Forced induction pressurizes the intake charge but increases the temperature of the charge as well. To increase the density of the incoming air, intercoolers help to lower the temperature by way of heat exchange. An alternative to the typical air-to-air intercooler is the air-to-water intercooler. With ice water as a heat exchange medium, cooler, denser air can be supplied to the engine. However, air-to-water intercoolers require water, which adds complexity to the design along with more weight, pumps and additional plumbing. While the ballast from the water would be detrimental in a road-race application, for drag racing it helps to keep the nose down and ensures the coolest incoming air charge for greater horsepower production.

Billet Main Caps: Keeping The Crank From Walking

Parts made from a billet of 4340 steel offers significant strength advantages over cast iron. Given the incredible forces applied to the stroker crankshaft, a set of Pro-Gram Engineering billet steel main caps replaced the factory pieces to ensure that the crank stays put. Although cast iron offers tremendous strength, billet steel main caps resist distortion better and offer improved durability.

Grip To Go

Transferring power from the crankshaft to the tires required a strengthened driveline and an improved method of delivery. Aiming for quick quarters, the six-speed manual transmission was ditched in favor of a Powerglide two- speed automatic transmission and a ProTorque torque converter. From the output shaft, a VWR four-inch aluminum driveshaft turns a TRD LSD that splits power between the Weld 15×10-inch drag wheels mounted with MT 28x15x10.5-inch drag slicks. Side of the Virtual Works Supra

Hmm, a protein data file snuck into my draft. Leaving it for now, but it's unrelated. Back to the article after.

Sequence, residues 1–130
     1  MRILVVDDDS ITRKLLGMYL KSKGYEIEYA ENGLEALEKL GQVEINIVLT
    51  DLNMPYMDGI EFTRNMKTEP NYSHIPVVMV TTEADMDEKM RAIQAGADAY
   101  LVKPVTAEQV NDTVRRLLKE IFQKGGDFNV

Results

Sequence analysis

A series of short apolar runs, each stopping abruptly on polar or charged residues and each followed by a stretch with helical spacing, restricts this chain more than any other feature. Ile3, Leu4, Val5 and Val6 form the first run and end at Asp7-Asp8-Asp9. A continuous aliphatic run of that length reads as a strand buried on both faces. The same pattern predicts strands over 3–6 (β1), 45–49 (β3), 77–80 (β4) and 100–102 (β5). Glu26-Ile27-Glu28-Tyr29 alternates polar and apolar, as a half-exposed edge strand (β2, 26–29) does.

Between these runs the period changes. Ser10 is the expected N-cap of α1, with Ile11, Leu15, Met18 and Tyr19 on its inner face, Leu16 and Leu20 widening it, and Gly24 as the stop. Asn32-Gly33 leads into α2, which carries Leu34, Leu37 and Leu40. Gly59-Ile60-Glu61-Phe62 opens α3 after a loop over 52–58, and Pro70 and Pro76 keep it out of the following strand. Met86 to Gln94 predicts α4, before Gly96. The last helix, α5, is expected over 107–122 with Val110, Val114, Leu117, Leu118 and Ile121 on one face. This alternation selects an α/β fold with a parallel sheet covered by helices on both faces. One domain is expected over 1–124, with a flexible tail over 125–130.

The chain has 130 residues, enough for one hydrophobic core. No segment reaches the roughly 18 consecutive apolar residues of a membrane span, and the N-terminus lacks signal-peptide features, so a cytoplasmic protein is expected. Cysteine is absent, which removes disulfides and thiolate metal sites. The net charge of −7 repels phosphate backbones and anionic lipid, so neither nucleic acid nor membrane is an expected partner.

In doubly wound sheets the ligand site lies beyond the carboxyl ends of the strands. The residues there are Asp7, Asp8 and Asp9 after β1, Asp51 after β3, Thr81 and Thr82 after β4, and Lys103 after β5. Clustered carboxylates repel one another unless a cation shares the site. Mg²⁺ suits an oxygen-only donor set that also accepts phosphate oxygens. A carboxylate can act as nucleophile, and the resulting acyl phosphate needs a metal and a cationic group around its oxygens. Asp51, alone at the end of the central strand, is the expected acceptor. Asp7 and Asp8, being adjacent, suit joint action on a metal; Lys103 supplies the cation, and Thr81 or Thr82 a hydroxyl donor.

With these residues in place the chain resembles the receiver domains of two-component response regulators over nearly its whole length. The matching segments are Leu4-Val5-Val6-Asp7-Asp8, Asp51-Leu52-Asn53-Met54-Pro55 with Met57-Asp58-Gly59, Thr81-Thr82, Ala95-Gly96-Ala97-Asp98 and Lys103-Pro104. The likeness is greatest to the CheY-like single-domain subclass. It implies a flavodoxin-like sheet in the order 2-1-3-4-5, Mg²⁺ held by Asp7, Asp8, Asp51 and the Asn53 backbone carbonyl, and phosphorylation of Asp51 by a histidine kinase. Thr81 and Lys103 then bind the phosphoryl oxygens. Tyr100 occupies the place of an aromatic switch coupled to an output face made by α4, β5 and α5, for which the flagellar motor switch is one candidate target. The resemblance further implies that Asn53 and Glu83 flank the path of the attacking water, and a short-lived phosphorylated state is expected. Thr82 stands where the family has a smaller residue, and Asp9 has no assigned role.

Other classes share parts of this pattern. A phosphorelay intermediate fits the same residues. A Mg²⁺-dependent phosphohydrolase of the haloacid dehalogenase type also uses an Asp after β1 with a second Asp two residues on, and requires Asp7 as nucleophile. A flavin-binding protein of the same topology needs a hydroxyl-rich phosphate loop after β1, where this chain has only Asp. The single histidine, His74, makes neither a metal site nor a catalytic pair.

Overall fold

SFI 25.5 vs 25.3 – Class Compliance

When asked what would have been done differently, Dana comments that he would have built the Supra to SFI 25.3 compliance instead of just 25.5. So what’s the difference between these classifications? A 25.5 chassis is described as a full-body car with a factory or modified floor pan, firewall and an OEM frame or unibody construction. A chassis that meets this requirement would be rated for 7.50-8.49-second passes. An SFI 25.3 chassis, rated for 6.50-7.49 seconds, is described as a full bodied car with an aftermarket shell and tube frame, OEM body shell and frame with a modified floor pan and firewall, or a uni-body with modified floor pan, firewall and roll cage. These requirements are for a 3,600 lbs. maximum. Virtual Works Supra Nitrous in the back

Supra Rockin’ Records

In 2004, this Supra achieved new heights, becoming the first full-weight Supra to break into the 8’s. It wouldn’t see 7’s until six years later at Lone Star Motorsports Park. On March 21, 2010, Dana unleashed a personal best pass of 7.95 at 176 MPH. In addition, Dana captured the 2010 P.S.C.A. Limited Street class championship. But he’s not done yet. The plan is to continue chipping away at the E.T.s while staying consistent in the process. As the evolution of this Supra continues, so will its achievements.Rear of the Virtual Works Supra